Modified environments

Heatorcoldcanbeusedtoeliminateoratleastslow the increase ofpopulations ofstored-productinsectpests. Ideal conditions for stored-productinsects are 25-32 °Cand 65-75% RH. Above and below this range insect growth and fitness are reduced, and in extreme conditions insects die. Most stored-product insects are killed when exposed to 40 °C for 24 h, 45 °C for 12 h, 50 °C for 5 min, 55 °Cfori min, or 60 °C for 30 s. Among the beetles, Lasiodema serricorne and Rhyzopertha dominica are highly tolerant of heat, while Sitophilus spp. and Tribolium castaneum are moderately tolerant. Acclimation to heat can occur. Brief exposures to 35-40 °Ccanincrease survival ofinsects to subsequent exposure to higher temperatures, butabove 55 °C there is little difference between acclimated and unacclimated individuals.

A temperature of —18 °C kills most stored product insects within 2-3 min. However, Sitophilus granarius can reproduce at 15 °C, and the rusty grain beetle, Cryptolestesferrugineus, can survive exposures to —12 °C after a 4-week acclimation at 15 °C. Exposure of Anobium eggs to —14 °C produces 99% mortality. Continuous exposure at —20 °C for 2-3 weeks is lethal to all stages of clothes moth species, carpet beetles, and other dermestids.

Exposure to —15 °C for 10 h is lethal to Pediculus spp. eggs, and exposure to —15 °C for 2 h is lethal to adult lice; exposure to —17 °C for 2 h is lethal to Cimex spp. adults. As temperatures approach 0 °C, the time required to kill many species increases to about 50 days. During a short exposure to a high temperature, some insects, especially those with a large body, are somewhat cooled by the water evaporating from their body. Hot and moist air reduces the amount of cooling by evaporation and is the most effective method of using heat. Hot air is lethal for Pediculus spp. eggs exposed to 50 °C for 0.5 h, and lethal to adults exposed to 46 °C for 1 h. Itis lethal to Cimex spp. eggs exposed to 45 °C for 1 h, and to adults exposed to 44 °C for i h. Cold temperatures have a similar effect on these two species.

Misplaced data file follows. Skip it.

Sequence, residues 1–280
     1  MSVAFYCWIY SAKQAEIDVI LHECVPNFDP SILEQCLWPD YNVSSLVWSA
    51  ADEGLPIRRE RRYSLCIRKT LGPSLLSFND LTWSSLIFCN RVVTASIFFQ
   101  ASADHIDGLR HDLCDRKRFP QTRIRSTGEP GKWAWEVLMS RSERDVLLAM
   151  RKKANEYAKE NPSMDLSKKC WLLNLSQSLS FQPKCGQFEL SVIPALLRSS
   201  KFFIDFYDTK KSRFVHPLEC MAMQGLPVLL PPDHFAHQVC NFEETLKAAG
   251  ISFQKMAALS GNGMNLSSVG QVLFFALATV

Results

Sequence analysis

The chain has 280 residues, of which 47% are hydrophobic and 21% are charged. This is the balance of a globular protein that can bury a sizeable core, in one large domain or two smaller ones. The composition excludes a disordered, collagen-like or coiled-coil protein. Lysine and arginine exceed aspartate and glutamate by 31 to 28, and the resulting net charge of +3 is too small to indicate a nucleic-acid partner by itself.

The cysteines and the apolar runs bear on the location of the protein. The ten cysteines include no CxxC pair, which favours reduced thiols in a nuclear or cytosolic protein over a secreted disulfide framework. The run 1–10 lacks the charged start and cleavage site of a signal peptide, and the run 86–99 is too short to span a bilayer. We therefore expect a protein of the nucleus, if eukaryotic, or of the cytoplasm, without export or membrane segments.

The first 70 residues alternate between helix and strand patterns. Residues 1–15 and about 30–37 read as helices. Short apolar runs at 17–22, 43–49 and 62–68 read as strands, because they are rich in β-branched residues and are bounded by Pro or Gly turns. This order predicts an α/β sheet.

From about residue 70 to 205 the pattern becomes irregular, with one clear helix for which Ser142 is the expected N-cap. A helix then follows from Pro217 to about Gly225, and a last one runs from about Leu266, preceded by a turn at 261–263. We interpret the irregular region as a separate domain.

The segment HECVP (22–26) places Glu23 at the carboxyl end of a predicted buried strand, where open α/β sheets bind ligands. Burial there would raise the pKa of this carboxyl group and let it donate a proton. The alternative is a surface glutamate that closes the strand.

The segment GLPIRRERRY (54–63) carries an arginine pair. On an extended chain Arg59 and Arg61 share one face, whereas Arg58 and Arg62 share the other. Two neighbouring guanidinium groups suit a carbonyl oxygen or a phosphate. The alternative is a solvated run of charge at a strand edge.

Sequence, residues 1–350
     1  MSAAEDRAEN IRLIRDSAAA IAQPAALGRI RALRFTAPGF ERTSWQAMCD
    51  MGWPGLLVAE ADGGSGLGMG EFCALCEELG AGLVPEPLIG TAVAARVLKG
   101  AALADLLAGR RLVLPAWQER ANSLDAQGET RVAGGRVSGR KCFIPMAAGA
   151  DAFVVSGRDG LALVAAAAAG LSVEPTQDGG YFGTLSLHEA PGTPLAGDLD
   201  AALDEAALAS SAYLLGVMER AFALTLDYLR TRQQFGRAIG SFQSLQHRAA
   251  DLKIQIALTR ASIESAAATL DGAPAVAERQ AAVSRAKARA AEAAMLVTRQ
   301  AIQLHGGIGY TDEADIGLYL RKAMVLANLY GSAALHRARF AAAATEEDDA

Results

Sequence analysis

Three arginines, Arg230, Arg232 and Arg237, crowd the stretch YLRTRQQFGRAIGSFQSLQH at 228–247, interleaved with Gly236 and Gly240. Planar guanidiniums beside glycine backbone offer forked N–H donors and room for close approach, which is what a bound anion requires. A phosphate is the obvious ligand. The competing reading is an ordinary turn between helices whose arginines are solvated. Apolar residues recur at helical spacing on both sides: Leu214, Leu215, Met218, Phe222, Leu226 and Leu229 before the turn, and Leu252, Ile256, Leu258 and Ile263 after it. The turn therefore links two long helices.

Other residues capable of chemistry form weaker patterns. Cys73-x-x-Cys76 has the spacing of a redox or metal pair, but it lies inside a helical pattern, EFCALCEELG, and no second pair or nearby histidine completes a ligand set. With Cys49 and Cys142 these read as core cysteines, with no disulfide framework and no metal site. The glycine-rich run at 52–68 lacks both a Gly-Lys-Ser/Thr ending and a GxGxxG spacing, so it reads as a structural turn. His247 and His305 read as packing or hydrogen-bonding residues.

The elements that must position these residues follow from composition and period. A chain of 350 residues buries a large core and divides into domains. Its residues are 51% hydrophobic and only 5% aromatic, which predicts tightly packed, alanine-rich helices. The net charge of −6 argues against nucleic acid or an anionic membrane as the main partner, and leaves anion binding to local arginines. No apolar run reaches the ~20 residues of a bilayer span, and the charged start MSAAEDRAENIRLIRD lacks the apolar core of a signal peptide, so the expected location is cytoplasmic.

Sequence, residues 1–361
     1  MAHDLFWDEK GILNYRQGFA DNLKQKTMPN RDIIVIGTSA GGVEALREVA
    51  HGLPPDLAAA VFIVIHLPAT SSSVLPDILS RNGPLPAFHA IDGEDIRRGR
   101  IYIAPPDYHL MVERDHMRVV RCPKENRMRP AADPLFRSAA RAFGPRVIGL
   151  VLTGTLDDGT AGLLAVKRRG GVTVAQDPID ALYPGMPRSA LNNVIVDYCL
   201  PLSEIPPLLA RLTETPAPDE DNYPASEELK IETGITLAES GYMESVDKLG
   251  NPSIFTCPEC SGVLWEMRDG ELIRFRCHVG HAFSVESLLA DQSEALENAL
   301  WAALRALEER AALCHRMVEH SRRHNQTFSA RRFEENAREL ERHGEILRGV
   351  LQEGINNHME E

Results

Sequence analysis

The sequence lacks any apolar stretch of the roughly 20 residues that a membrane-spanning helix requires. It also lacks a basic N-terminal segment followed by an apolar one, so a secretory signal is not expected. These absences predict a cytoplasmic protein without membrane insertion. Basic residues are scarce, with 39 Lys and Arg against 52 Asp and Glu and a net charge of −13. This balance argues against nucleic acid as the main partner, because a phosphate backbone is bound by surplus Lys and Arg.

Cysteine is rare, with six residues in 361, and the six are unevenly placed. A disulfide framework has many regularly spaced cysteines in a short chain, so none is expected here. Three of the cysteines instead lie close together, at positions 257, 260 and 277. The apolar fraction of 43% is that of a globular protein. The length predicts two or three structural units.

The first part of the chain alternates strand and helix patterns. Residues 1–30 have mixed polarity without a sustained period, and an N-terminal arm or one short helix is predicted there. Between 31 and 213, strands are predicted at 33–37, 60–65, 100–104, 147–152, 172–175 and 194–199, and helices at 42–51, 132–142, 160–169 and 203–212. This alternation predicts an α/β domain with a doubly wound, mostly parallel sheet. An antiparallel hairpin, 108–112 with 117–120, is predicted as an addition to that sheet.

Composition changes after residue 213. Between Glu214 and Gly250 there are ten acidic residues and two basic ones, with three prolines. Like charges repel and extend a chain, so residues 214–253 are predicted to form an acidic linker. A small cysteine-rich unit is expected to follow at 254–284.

Modified atmosphere generally refers to alteration of the gaseous environment in which an insect lives. Typically, it is produced artificially and maintained by enveloping an object or structure with a gas such as carbon dioxide or nitrogen. The source of the gas is usually a pressurized container, and it is important to maintain a nearly stable concentration. Application of modified atmospheres has been to control stored-food pests, and to remove insects from museum specimens, archival and library material. A high percentage of carbon dioxide coupled with limiting the oxygen concentration in the air space to i0-20% will kill insects in stored grain without damaging the product.

Temperature coupled with low levels of oxygen can control some insects. Food pests die within 30 days when exposed to low amounts of oxygen at 15 °C, and they die within 2-3 days at 30 °C. As exposure temperature increases from 32 to 43 °C in 99% nitrogen (low oxygen), the time required to kill all stages of the cigarette beetle, Lasioderma serricorne, decreases from 96 to 24 h. An oxygen level of 0.3% is lethal to Anthrenus museorum in about32 h, and lethal to Attagenus woodroffei and A. smirnovi in about 88 h. Lethal time for larvae of Anthrenus verbasci and Reesa vespulae is about 44 h, and for Trogoderma angustum it is about 57 h. Exposure of 7-14-days at 0.4% oxygen kills Tineola bisselliella, Lasioderma serricorne, Anthrenus vorax, and Stegobium paniceum.Forstructural pests, anatmosphereofi%oxygenkills old house borer and powderpost beetle adults within 20 days; however, they are notkilled at8o% carbon dioxide. The powder-post beetle, Lyctus brunneus,iskilled after a 7-14-day exposure at 0.4% oxygen. Exposure time necessary to produce death is generally decreased by raising the temperature, by adding 5% carbon dioxide, or by decreasing relative humidity (RH). In general, lethal time increases with increasing RH in atmospheres with a low percentage of oxygen. Exposure for 48 h in 0.32% oxygen and 33% RH provides 94% mortality of cigarette beetle larvae, but only 25% mortality at 75% RH. Increasing exposure temperature generally decreases lethal exposure time. The minimum exposure time of 45 min is required to kill the drywood termite Incisitermes minor and carpenter ant Camponotus vicinus at 48.9 °C and 49% RH.

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